Cinco de Mayo isn't even an American holiday but it may as well be since it's celebrated in the US on a much grander scale than in its native land. In the great southwest, Cinco de Mayo often gets a better turn out than St Paddy’s Day and can get pretty wild if it happens to fall on a Friday or Saturday.
Cinco de Mayo is often mistaken for Mexican Independence Day but actually celebrates the triumph of the Mexican Army, led by Texas-born General Zaragosa over the Frogs at Puebla in 1862.
Big surprise you say? That was a different kettle of Frogs in those days. In fact, the French were formidable opponents who hadn’t lost a battle in fifty years. Zaragosa’s outgunned and outmanned troops routed the Foreign Legion and the French Army like Audie Murphy taking on half the German army with a .50 caliber machine gun. Folk legend has it that Zaragosa’s tequila consumption played a role in this victory (works for me).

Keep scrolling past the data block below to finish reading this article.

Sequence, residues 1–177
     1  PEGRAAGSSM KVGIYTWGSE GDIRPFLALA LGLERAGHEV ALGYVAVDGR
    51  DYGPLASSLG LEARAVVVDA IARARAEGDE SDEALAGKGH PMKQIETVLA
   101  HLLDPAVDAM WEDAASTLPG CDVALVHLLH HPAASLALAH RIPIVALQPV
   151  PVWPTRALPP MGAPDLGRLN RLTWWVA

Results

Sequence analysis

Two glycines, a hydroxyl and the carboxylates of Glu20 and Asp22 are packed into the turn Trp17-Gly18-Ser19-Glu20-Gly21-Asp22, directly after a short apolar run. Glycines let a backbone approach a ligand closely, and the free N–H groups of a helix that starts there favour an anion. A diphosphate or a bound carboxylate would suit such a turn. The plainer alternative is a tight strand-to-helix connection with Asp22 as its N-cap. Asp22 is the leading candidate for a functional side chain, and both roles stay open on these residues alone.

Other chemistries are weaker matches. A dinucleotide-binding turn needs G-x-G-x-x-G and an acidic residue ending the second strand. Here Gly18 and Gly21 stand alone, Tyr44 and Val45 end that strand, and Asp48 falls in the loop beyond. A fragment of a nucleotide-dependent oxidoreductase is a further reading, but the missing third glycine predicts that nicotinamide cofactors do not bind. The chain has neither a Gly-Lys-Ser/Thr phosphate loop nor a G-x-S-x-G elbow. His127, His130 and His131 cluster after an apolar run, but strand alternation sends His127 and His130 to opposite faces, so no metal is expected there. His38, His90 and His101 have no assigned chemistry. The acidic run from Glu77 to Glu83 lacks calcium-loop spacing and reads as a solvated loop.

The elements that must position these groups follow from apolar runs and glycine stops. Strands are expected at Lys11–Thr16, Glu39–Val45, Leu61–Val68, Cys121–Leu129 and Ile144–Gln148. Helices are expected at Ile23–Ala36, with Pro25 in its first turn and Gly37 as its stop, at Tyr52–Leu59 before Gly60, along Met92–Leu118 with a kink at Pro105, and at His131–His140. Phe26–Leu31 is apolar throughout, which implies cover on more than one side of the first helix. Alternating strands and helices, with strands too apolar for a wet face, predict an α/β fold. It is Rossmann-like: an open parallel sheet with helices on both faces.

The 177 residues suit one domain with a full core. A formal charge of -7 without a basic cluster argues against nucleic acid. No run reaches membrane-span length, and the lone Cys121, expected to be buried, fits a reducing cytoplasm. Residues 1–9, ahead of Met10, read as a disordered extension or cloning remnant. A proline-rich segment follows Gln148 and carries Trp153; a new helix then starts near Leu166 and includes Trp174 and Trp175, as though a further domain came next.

Unfortunately, that little whoopin' got the attention of Napoleon who then sent 30,000 troops to secure Mexico and installed Hapsburg Prince Maximilian as head of state.
Once the US Civil War ended the United States allowed early discharge of Union soldiers if they agreed to join with the Mexican Army to fight the French. Things were so much simpler then...(tell ya what boys, them Mexicans is havin' some prollems with the got dang French. We're gonna cut you loose a little early.......).
The good news is that the American Legion of Honor marched alongside the Mexican Army in the victory parade in Mexico City and Maximilian was executed. The bad news is that Col Diaz, who fought so decisively at Puebla, ultimately would become Mexico’s dictator.
And that, my friends, is what all the fuss is about.
Oh yeah, & Happy Happy to Linda R